It takes us 2 lights to cross each street.  When the first walk signal flashes, we step to the bottom of the curb cut.  Robert braces on his crutches.  Binal stands behind him.  My Genium and I pause mid-stance, waiting for the light to change again.  Traffic zooms by.

At the second walk signal, Robert starts purposefully into the crosswalk.  Binal follows, pointing out potholes and ruts.  I push the wheelchair alongside them, blocking oncoming traffic.  I realize at that moment, I've joined my own Secret Service.

At 5th Street, 2 lights aren't enough.  We’re still in the crosswalk when the red hand flashes.  The countdown begins -- 15, 14, 13, 12....   It's all just too fast!

Amazingly, a police officer drives into the intersection.  Traffic comes to a complete halt.

For us?  We’re flattered!

Then we hear a ruckus of musical drumbeats.

There's a parade coming!
(Not for us, but it certainly feels like it.)

Suddenly, we're bobbing along in a sea of rainbows, acrobats, and puppets 10 feet high!
Sweaty, tired, and ready for the HOMESTRETCH!


Finally, we head out of the congestion and into a shady stretch along 5th Street.  Merely yards from the finish line, our conversation has fallen short.  Our steps are fatigued.

Click to read the t-shirt.
Pretty much says it all!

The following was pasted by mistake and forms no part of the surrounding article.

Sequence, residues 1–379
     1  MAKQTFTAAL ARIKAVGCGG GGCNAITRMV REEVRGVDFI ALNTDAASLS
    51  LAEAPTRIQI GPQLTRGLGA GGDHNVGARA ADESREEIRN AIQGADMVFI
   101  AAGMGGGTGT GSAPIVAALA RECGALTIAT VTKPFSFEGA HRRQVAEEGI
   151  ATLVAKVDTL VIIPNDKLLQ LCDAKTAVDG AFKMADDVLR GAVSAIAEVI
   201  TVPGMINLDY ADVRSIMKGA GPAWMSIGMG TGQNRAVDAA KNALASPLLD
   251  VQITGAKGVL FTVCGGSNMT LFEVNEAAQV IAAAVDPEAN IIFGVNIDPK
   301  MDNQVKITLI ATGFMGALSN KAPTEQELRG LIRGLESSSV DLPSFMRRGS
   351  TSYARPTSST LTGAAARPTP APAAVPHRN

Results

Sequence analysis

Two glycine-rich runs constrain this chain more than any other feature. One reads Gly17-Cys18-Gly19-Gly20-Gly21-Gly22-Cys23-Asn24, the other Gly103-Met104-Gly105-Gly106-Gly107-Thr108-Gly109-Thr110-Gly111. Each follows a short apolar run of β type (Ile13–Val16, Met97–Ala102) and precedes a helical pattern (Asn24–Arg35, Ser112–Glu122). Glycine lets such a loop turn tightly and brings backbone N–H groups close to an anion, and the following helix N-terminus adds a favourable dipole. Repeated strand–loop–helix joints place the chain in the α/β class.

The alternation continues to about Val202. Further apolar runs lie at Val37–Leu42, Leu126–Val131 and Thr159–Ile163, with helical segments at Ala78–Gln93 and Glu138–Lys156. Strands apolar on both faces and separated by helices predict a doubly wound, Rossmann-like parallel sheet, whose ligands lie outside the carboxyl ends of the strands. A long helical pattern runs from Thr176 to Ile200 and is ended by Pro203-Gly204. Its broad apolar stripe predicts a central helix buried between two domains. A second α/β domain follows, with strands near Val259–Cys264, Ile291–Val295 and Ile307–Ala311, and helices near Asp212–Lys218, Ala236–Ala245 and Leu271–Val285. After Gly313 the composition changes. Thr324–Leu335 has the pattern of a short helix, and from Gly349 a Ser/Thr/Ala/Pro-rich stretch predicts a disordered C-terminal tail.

I'm drained, and I can only guess how Robert’s doing.  We keep pushing ahead.







In front of us, a little girl stumbles on the sidewalk.  She's trying to keep up with her family, yet at the same time, she's craning her neck to stare backwards at us.  I imagine what she must see -- Robert’s crutches, my robot leg, the wheelchair.  Lots of metal glimmering in the sun.

“What do people think when they see us together?” I say to Robert and Binal. 

What happened to those people?  Were they all in an accident?  Is it contagious?

“They’re probably wondering who the wheelchair is for," says Robert.

We crack up.  We've been carting around an empty wheelchair for almost 3 HOURS!


Once on a school field trip, a tour guide told me that the answer to almost any Philadelphia history trivia question is Benjamin Franklin.  He accomplished a lot.  But here's what people don't realize.  When Ben Franklin started out in Philly, he was just the editor of a small-town newspaper.

Through the sweat and fun of Mile 1135, Robert teaches me the trick to MAKING HISTORY.

You don't have to start big.  You just have to take small, brave risks, one after the other.

One step at a time.  One day at a time.  One year at a time.

Congratulations Robert -- on a very HISTORIC first mile!!!


4 comments:

  1. You write with such grace, attention to detail and beautiful introspection. Thank you for telling the story of Robert's first mile.-Binal Ward

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  2. I completely agree with the first comment--you are such an incredible story-teller and I almost feel like I was on this journey with you. Love the writing, love the photos and all the smiles--can't help but smile myself.
    I kinda think that parade WAS meant for Robert--the amazing spirit and determination of all three of you are certainly worthy of a parade!
    You are all incredible...and you continue to be incredible "every damn day"! :-) (I find that little mantra incredibly helpful in my life, I must say) :-)

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  3. This comment has been removed by the author.

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  4. Congratulations Robert! Robert told me that in a year he will be skating - like Rebecca! And keep on inspiring others, Rebecca!